Monday, May 2, 2011
Humility is the road to peace of mind.
He has shown you, puny human, what is good.
So, what is it that your Creator requires of you?
Just this: to act justly, to love mercy, and to walk humbly with your God. *
Perhaps this line became important to me because it was a particular favorite of my dad’s, a just and humble fellow if there ever was one, but that word “humble” can be tricky. People mistake humbleness for humiliation, and seek to avoid it. Or they think that humbling oneself is to lay oneself low. The dictionary defines it variously as meek, modest, deferential, submissive, having or showing a low estimate of one’s own importance. Well, now, there’s the problem, right there. Isn’t there another way to understand the concept of humbleness?
Mother, whose heart hung humble as a button on the bright, silver shroud of her son, do not weep, war is kind.
This poem by Stephen Crane brings tears to my eyes every time I read it. That one line in particular . . . humble as a button . . .
Those things that are common and useful, and not arrogant or flashy, those are humble things. Let me be useful, and I’ll be happy. Why should there be shame in serving others? Why not be a button? There’s a whole lot of pressure to be extraordinarily beautiful, to achieve greatness, or perform amazing feats. Reality TV is about catapulting ordinary people into the glorious light of celebrity. Maybe celebrity is a lie. Maybe it’s enough to be ordinary. Maybe its wonderful to be ordinary.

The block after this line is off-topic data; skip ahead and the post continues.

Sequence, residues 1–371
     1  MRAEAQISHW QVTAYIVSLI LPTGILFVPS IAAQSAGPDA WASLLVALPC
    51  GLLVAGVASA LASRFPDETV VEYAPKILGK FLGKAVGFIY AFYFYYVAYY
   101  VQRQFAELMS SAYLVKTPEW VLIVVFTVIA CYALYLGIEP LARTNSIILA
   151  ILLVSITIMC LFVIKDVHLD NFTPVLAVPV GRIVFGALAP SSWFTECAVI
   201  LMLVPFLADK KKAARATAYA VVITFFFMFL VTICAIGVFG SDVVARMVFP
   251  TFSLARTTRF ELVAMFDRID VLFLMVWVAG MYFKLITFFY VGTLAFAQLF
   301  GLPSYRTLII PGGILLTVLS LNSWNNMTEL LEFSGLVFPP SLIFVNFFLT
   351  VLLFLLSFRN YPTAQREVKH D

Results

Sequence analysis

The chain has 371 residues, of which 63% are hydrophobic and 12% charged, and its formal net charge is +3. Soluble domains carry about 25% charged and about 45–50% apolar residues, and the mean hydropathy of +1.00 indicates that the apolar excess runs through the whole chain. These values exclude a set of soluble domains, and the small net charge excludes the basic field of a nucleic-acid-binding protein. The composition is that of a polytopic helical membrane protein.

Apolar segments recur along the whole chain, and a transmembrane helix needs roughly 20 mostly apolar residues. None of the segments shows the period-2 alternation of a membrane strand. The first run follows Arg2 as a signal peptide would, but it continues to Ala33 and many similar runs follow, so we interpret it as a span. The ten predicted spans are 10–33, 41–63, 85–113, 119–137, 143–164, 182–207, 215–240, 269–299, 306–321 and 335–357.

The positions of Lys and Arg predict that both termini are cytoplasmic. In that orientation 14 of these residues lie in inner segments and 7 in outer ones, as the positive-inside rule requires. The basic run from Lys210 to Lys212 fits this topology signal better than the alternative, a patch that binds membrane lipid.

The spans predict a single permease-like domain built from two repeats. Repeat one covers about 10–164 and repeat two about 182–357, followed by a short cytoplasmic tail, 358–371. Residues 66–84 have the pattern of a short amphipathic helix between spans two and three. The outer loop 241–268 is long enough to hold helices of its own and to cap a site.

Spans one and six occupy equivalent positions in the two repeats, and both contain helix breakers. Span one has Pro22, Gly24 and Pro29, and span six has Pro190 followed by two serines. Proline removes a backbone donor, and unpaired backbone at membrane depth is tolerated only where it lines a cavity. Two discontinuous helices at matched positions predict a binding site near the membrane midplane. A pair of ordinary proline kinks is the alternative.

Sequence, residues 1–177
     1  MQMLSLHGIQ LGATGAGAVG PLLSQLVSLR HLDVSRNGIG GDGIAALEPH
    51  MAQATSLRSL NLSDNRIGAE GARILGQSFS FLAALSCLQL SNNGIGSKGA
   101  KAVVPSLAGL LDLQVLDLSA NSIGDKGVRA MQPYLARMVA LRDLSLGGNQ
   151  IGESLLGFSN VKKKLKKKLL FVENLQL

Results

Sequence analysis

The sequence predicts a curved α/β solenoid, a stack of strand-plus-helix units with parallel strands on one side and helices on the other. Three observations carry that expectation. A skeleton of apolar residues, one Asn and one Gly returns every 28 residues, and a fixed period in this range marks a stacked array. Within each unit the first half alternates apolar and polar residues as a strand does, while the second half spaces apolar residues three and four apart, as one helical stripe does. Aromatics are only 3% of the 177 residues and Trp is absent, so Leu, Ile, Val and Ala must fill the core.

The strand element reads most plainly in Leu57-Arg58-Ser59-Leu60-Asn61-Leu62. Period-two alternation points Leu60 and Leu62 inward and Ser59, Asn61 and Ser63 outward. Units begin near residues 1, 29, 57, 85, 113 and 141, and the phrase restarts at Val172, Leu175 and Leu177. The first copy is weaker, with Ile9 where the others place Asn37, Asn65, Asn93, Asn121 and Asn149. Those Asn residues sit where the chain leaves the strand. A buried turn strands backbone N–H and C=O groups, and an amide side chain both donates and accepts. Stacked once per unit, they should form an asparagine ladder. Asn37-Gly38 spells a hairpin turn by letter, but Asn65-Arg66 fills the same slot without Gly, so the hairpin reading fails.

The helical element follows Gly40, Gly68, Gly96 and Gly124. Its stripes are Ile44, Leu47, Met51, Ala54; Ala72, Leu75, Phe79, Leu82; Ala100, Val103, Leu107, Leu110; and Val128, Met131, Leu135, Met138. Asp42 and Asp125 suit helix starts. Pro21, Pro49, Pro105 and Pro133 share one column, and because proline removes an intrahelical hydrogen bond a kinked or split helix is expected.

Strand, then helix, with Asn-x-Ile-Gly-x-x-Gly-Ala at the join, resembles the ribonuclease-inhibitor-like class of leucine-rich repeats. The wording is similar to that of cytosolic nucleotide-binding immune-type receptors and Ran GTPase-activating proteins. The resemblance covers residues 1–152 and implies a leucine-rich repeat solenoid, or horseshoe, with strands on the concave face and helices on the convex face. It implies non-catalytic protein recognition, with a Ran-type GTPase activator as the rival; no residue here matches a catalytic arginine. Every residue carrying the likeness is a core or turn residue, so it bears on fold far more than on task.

The gods certainly love ordinary. They made a whole lot of it. My gods disapprove of human pride because it’s a source of so much sin. In various cultures, blanket weavers and quilt makers and potters and house builders leave some imperfection in their work, so as to assure the gods that we know our place and our place is humble. The ancient Greeks held hubris to be a particularly onerous sin. Hubris is an arrogant pride that sets one person above another and that sets humans above the gods. Oh, how many men are guilty of hubris in our world today, thinking that they can possess everything, rule over the the globe, decide for others what is right and wrong, rape the earth and plunder our resources with lofty aplomb.
One Sunday morning years ago, I heard a kind pastor preach about humility. He said that true humility was accepting our limitations with grace. We're limited by our nature and we are limited in the particulars of our person. How much I fight against this awareness, afraid to be imperfect, ashamed somehow not to have risen above the rest, never to have sold my art to a museum or written a definitive philosophical tome or pop best seller. I’m not so special, except in the specialness I share with every blade of grass of oak tree leaf. And that, of course, is special enough. But the pastor didn’t end there. He said that there were two sides to humility, that we are also all wonderful creatures, thrilling in our expression of the Creator’s will and amazingly unique. He said that there’s a certain dark pride to be found in self-deprecation, and certainly, when our self-esteem is low, we can’t fulfill the potential of our sparkling humanness.
To be humble, therefore, was to be clear about the truth of oneself and to accept that truth with grace. I'm limited, it’s true. I’m also a fantastic person with many blessings. That balanced humility is where peace of mind can be found. I can just be myself, in all my beauty and disaster. Funny how I keep growing into my name.
Best to you,
*my translation . . . can you tell? LOL!